Kantaka Chethiya at Mihintale – කන්ථක චෛත්‍යය

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Kantaka-Chethiya Mihintale

Kantaka Chethiya with the Vahalkada at Mihintale
Photo licensed under CC BY 2.0 by Chamara Sumanapala

Kantaka Chethiya was renovated in 1930’s to the current status. When this stupa was discovered, it has been a just a mound of earth covered by various debris. This has been known as the Kiribadapavu Dagaba, Kiribat Vehera, or Giribhanda during this time. But a stone inscription found close by has identified the original name of this stupa as Kantaka Chethiya.

It is unknown who built this stupa but it is said that the King Lanjatissa (119-109 BC) has built a stone mantel built for this stupa. Therefore we can assume that the stupa was built prior to 119 BC. The present stupa is 425 feet in diameter and is about 40 feet high. This stupa is most popular for one of the most well preserved vahalkada which can be seen today.

Kantaka Chethiya as Seen from Maha Seya Maluwa, Mihintale

Kantaka Chethiya as Seen from Maha Seya Maluwa, Mihintale
Photo licensed under CC BY 2.0 by Chamara Sumanapala

Vahalkada is a special architectural feature which are four projective front pieces on the four sides of the stupa. The southern vahalkada is the best preserved. This gives a excellent example of the design of vahalkada at the very early periods.

The band of ‘Ghana’ figures on top the structure take special place in most buddhist buildings. They are also called ‘Vamana’ figures or ‘Bahirawa’ figures. They are sort of mythical dwarfs in various amusing positions.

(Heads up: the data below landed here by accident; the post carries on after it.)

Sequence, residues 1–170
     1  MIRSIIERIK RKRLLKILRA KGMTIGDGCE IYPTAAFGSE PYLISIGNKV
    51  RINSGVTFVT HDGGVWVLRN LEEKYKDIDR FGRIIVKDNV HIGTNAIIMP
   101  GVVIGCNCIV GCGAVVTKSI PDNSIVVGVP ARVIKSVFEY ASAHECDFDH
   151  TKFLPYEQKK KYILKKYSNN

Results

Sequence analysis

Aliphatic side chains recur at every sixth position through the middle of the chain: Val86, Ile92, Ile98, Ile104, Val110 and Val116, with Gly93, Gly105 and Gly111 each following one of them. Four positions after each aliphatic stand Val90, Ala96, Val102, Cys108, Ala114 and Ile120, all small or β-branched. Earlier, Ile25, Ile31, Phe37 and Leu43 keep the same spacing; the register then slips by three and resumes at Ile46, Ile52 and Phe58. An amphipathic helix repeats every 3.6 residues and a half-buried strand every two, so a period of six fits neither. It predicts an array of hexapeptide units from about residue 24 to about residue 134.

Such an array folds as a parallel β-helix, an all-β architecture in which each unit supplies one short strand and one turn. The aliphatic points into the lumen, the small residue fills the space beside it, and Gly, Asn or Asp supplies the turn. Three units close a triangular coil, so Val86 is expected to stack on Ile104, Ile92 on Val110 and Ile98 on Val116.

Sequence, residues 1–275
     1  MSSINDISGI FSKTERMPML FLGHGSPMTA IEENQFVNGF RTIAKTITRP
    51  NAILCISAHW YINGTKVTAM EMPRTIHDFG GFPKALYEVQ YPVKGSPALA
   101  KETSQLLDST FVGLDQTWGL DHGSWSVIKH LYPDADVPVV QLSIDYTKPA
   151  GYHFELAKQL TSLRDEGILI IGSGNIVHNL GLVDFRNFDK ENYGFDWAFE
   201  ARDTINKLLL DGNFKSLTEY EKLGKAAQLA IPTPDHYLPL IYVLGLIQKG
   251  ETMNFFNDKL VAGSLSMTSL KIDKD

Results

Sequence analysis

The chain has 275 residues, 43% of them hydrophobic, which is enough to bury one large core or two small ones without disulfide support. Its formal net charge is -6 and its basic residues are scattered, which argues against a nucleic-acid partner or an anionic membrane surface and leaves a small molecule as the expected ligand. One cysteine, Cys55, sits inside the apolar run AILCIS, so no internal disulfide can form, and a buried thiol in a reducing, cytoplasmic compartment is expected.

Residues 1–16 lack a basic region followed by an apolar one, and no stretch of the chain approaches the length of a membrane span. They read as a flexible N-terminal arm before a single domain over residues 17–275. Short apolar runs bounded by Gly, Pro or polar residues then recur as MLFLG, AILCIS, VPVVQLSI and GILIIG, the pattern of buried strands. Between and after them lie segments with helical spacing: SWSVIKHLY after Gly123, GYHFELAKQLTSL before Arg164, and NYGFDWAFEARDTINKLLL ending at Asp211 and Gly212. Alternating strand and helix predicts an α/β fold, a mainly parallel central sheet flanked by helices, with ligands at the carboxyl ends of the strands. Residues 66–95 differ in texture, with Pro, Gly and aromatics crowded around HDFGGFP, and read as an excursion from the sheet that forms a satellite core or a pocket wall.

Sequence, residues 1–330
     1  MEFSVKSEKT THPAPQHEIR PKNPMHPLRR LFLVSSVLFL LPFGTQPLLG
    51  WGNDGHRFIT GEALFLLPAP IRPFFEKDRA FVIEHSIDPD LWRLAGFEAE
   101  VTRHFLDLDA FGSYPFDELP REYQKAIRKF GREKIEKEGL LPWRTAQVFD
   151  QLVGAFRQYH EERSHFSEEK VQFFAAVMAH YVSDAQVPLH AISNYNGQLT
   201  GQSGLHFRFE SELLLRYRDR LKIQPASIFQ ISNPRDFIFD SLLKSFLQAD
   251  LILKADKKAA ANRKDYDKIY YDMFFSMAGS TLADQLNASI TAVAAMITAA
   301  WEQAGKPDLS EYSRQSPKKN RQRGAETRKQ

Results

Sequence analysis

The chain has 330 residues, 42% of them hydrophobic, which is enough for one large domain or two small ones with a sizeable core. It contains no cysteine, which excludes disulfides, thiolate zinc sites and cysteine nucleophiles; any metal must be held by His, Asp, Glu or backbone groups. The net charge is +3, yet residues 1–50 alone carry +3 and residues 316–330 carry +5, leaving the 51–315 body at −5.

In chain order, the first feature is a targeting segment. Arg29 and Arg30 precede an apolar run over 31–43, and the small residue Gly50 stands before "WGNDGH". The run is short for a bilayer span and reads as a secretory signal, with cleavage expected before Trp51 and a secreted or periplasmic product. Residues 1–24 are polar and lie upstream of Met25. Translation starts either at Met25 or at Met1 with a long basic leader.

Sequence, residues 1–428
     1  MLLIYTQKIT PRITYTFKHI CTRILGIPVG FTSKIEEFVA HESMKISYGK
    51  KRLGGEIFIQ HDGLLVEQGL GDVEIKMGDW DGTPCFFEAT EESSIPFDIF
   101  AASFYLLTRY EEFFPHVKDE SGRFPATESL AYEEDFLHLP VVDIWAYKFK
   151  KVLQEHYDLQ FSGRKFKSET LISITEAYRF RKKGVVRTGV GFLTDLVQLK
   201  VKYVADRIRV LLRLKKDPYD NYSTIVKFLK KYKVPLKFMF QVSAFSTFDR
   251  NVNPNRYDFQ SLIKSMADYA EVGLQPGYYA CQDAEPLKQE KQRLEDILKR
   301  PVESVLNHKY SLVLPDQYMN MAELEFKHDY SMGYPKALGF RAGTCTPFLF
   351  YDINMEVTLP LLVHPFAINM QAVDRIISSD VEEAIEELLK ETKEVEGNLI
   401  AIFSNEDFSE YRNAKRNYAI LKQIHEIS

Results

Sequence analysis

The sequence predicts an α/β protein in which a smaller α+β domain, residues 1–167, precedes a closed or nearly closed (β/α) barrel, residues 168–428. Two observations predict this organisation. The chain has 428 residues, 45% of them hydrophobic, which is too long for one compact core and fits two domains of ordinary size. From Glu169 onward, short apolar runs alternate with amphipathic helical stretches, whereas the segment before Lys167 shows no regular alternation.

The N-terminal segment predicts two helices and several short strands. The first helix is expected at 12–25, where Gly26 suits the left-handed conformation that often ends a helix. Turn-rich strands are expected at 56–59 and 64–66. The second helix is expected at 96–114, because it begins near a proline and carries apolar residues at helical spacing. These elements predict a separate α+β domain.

In this structure one has a horse head, another bear head, another monkey head, and some are standing on the head. They also carry various musical instruments in their hands. The most significant Ghana figure here is the one with the elephant head who carry no musical instrument. Historian Professor Paranawithana believes that this is the very first form of the God Ghana, a very popular god in Hinduism. This god is now represented by a elephant head and 4 arms.

The paintings on the southern vahalkada also takes a special place in the Sri Lankan History. Except for Sigiriya Frescos, Mihinthale is one of the very few places that frescos belonging to earliest periods can be seen. One such set of paintings was found inside the relic chamber of Giribanda Stupa which is now in the Mihinthale Museum.

The other is the paintings on the southern vahalkada. These are painting of lions but most of them has been faded away. Primarily red and yellow colours has been used for these paintings.

Also See

Map of the Kantaka Chethiya at Mihintale

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The map above also shows other places of interest within a approximately 20 km radius of the current site. Click on any of the markers and the info box to take you to information of these sites.

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Driving Directions to Kantaka Chethiya at Mihintale

Mihinthalawa can be reached through many routes from Colombo. The two main routes are through Puttlam (Puttalama) and though Kurunegala. Traveling from Puttlam you will pass scenic Wilpattu area. the From Kurunegala there are two main routes to Mihintale. The most common route is through Dambulla. The other route is though Galgamuwa. Out of all the routes, the commonly used is the Kurunegala – Dambulla route (Route 2).

Route 01 from Colombo to Mihintale (A3)

Route 02 from Colombo to Mihintale

Though : Negambo - Chillaw - Puthlam
Distance :211 km
Travel time : 3.5 hours
Driving directions : see on google map
Through : Ambepussa - Kurunegala - Dambulla
Distance : 213 km
Travel time : 3.5 hours
Driving Directions : see on google maps

Route 03 from Colombo to Mihintale

Route from Anuradhapura to Mihintale

Though : Ambepussa - Kurunegala - Padeniya - Thambuthegama
Distance :220 km
Travel time : 3.45 hours
Driving directions : see on google map
Distance :15 km
Travel time : 40 minutes
Driving directions : see on google map

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